The staking contract on the Ethereum mainnet works in conjunction with the Heimdall node to act as the trustless stake management mechanism for the PoS engine, including selecting the validator set, updating validators, etc. Since staking is done in the contract on the Ethereum mainnet, Polygon does not rely only on validator honesty and instead inherits the Ethereum mainnet security.
Heimdall layer handles the aggregation of blocks produced by Bor into a Merkle tree and publishes the Merkle root periodically to the Ethereum mainnet. This periodic publishing is called checkpointing.
For every few blocks on Bor, a validator (on the Heimdall layer):
- Validates all the blocks since the last checkpoint.
- Creates a Merkle tree of the block hashes.
- Publishes the Merkle root to the Ethereum mainnet.
Checkpoints are important for two reasons:
- Providing finality on the root chain.
- Providing proof of burn in withdrawal of assets.
An overview of the process:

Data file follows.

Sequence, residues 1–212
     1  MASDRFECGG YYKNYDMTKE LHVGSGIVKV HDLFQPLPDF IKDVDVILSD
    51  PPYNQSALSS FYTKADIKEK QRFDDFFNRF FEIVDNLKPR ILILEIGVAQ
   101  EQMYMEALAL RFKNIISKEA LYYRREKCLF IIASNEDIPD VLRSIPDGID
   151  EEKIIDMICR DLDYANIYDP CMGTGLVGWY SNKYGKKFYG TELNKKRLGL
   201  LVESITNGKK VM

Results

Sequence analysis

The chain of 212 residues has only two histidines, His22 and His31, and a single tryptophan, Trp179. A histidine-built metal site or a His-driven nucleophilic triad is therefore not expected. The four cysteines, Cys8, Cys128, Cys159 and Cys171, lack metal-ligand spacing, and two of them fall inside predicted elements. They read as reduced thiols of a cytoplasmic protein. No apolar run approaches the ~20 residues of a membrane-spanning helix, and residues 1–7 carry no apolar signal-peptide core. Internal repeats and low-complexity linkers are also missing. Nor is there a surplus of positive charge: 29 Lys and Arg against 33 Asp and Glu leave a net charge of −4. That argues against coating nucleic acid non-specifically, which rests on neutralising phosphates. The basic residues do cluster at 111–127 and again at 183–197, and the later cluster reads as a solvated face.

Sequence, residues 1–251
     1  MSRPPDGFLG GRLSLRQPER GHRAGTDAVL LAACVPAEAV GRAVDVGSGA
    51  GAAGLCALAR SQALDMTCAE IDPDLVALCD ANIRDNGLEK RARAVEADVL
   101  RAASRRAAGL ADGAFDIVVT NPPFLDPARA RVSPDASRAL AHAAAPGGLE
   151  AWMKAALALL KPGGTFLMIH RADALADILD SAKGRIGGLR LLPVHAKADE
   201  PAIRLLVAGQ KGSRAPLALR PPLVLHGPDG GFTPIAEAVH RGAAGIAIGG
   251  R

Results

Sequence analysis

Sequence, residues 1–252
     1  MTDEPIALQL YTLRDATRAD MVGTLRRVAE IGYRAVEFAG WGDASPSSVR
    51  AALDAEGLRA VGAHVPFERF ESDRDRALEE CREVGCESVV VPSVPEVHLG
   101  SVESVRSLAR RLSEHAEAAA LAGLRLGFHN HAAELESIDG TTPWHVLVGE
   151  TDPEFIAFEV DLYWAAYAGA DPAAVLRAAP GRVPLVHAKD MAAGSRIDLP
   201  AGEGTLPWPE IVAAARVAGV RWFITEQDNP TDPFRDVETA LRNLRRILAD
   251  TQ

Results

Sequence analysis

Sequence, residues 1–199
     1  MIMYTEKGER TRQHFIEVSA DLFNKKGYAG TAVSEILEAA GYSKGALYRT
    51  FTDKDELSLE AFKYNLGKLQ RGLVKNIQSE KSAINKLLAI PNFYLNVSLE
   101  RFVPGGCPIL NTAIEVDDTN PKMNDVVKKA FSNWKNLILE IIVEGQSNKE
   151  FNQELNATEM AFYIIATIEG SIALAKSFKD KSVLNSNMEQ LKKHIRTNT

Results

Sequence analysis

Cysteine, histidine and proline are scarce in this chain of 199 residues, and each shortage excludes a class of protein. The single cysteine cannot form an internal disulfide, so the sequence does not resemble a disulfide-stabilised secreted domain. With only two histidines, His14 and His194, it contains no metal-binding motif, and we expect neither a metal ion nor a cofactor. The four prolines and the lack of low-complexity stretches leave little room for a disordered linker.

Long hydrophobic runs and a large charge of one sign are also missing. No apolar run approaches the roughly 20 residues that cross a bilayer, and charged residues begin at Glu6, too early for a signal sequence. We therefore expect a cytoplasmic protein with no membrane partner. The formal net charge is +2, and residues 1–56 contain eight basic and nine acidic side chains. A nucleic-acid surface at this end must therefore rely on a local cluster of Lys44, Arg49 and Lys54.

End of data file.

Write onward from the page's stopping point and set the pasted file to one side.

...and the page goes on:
- A subset of active validators from the pool is selected to act as block producers for a span. These block producers are responsible for creating blocks and broadcasting the created blocks on the the network.
- A checkpoint includes the Merkle root hash of all blocks created during any given interval. All nodes validate the Merkle root hash and attach their signature to it.
- A selected proposer from the validator set is responsible for collecting all signatures for a particular checkpoint and committing the checkpoint on the Ethereum mainnet.
- The responsibility of creating blocks and proposing checkpoints is variably dependent on a validator’s stake ratio in the overall pool.
See also Heimdall architecture.